Data_Sheet_1_Diagnostic and Treatment Practices of Equine Endometritis—A Questionnaire.docx (18.84 kB)

Data_Sheet_1_Diagnostic and Treatment Practices of Equine Endometritis—A Questionnaire.docx

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posted on 02.09.2020, 04:18 by Martin Köhne, Meike Kuhlmann, Anna Tönißen, Gunilla Martinsson, Harald Sieme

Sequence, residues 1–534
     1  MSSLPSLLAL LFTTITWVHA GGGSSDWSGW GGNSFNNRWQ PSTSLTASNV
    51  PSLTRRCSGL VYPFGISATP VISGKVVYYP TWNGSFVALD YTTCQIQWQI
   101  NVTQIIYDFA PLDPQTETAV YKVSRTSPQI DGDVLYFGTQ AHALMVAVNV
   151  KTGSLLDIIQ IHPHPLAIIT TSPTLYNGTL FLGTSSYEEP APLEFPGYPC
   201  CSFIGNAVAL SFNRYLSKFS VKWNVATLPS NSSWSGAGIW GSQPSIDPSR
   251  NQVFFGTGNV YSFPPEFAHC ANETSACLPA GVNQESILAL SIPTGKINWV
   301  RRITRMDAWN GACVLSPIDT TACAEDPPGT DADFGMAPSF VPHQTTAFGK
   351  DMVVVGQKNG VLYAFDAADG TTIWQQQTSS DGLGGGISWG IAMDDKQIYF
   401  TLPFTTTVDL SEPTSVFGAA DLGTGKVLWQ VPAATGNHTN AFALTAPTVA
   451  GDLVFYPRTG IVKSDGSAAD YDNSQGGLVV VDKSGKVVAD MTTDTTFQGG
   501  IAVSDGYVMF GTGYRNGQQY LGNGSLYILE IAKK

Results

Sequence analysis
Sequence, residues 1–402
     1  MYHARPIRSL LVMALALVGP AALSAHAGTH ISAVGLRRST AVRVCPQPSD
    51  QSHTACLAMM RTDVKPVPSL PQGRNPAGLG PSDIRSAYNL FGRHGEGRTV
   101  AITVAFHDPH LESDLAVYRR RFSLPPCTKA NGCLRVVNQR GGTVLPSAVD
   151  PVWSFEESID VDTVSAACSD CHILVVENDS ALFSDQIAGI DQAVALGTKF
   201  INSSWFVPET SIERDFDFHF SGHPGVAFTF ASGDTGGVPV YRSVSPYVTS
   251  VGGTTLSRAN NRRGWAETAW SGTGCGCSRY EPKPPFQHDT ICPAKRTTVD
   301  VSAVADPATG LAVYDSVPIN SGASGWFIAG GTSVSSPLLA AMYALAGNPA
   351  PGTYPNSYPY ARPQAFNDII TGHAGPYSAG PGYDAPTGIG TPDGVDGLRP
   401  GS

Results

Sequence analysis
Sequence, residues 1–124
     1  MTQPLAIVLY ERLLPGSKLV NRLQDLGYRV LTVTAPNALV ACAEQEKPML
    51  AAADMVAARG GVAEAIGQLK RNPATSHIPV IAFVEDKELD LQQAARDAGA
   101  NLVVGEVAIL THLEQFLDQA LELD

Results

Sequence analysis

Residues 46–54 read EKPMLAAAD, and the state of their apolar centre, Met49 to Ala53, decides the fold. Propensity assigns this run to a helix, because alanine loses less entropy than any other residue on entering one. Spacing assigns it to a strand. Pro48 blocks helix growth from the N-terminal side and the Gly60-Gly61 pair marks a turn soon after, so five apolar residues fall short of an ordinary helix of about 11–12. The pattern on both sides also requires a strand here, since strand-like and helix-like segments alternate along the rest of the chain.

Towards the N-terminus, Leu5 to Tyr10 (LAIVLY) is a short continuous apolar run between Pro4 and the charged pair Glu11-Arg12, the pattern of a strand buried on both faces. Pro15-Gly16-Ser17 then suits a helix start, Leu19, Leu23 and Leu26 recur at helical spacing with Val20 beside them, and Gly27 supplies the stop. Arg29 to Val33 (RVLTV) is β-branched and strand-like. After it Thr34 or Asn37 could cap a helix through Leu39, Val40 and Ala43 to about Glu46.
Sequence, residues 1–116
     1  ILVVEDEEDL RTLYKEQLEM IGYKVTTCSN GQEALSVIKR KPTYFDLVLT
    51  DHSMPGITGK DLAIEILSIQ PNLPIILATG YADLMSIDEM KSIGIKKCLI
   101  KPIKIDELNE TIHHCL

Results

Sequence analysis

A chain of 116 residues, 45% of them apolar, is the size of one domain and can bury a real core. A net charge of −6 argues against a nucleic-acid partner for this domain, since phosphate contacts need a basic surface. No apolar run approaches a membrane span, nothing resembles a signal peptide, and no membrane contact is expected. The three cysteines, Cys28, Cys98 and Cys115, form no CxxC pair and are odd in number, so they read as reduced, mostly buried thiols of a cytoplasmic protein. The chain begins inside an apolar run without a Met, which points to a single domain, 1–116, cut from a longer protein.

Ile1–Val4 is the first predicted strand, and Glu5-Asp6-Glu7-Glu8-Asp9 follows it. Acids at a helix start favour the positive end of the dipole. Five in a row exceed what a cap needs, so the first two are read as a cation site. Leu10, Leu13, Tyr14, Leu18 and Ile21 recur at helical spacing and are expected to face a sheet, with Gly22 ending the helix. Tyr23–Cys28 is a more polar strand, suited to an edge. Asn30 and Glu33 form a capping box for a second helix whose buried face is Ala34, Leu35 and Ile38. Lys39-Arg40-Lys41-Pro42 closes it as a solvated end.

Endometritis is a major cause for impaired fertility in mares. The objectives of this study were to collect information on diagnostic and treatment practices performed by veterinarians and to investigate possible effects of professional experience, caseload, and geographical location on the practitioners' management of endometritis cases. For this purpose, equine practitioners (n = 680) were asked to fill out an online survey (34 questions). The online survey yielded 117 responses by veterinarians practicing in all parts of Germany. Most respondents came from Lower Saxony and managed <20 mares per year. For the diagnosis of chronic infectious endometritis, uterine sampling for microbiological examination was performed manually with a swab by the majority of practitioners whereas only few used the speculum technique. The incidence of antibiotic resistant pathogens was reported to be <5% by almost all respondents. Most practitioners relied on systemic antibiotic treatment with trimethoprim-sulfadiazine. Only occasionally veterinarians used intrauterine antibiotic therapy. Uterine lavages were performed routinely by almost half of the respondents in case of positive uterine cultures, mostly with 0.9% saline solution. Irritant solutions (e.g., iodine, chlorhexidine, kerosene) were used less often. Collection of an endometrial culture after completion of the treatment was common practice. While only a very limited association of the geographical location of practitioner (e.g., on selection of mares for endometrial culture, p < 0.05) was observed, the number of managed mares affected the answers notably (e.g., for use of irritating intrauterine treatment, p < 0.05). The management of persistent breeding induced endometritis (PBIE) was influenced by the number of managed mares (e.g., for use of oxytocin, p < 0.05) and 29.6% of respondents administered antibiotics as part of their PBIE management. In summary, treatment strategies in the field vary considerably and include also non-evidence-based methods, but most German practitioners apply the recommended suitable treatments. Following the guidelines for antibiotic usage, most veterinarians administer antibiotics dependent on endometrial culture results but do not use cytology, low-volume lavage, or biopsy routinely. Antibiotic resistant uterine pathogens are reported to be isolated infrequently and equine practitioners prefer systemic to local antibiotic treatment of endometritis.

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